Finally, someone seems to have noticed the notoriously bad behavior of two of the worst auto insurance companies in Texas. The Dallas Morning News ran a lengthy story this week detailing the volume and variety of complaints the Texas Department of Insurance has received against Fred Loya and Old American County Mutual insurance companies. The two companies are connected, and Loya is one of the managing general agents for Old American. Sadly, as bad as these two companies are, there are many others only marginally worse. Those just don’t seem to have drawn the volume of complaints.
All insurance companies are in business to make money. The way they make money, other than investments, is to take in premiums and to pay out as little as possible when claims are made against their policyholders. Or when claims are made by their policyholders for collision or comprehensive damage. The basic problem reported by the newspaper is that certain insurance companies are much bolder than others in finding creative ways to refuse to accept liability and pay out money.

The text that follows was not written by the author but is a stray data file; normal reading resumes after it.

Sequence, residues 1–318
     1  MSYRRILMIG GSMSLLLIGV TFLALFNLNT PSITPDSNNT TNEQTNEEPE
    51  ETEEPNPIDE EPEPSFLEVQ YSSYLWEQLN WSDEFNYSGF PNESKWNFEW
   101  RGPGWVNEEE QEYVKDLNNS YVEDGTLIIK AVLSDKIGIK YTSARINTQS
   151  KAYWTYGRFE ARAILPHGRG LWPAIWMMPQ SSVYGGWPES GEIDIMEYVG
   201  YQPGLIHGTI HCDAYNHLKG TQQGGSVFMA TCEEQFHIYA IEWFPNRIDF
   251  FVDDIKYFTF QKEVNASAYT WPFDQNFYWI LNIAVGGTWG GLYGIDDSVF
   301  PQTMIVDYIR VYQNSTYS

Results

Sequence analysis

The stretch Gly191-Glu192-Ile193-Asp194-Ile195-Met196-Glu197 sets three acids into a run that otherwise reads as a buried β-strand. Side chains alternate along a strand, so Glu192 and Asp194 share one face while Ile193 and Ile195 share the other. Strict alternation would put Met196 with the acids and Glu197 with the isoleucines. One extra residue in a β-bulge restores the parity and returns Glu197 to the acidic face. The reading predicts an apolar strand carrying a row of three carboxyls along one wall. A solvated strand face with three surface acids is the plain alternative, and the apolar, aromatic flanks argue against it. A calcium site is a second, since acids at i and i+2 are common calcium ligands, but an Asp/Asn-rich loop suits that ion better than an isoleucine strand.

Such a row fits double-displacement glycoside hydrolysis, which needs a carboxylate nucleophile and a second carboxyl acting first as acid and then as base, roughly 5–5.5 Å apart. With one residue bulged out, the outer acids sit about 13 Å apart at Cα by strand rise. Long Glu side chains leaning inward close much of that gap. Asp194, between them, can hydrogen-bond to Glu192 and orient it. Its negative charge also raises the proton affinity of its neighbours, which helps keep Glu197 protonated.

Most insurance carriers will decline to pay if their own insured refuses to cooperate with them. They say they can’t get an accurate version of the accident, and therefore should not have to pay. Some carriers though seem to make this argument in a very large percentage of their claims. This makes you wonder if the carrier has really tried to get the insured to cooperate. Perhaps they sent one letter or made one phone call, and receiving no response, denied liability coverage. Or maybe they never even sent that letter.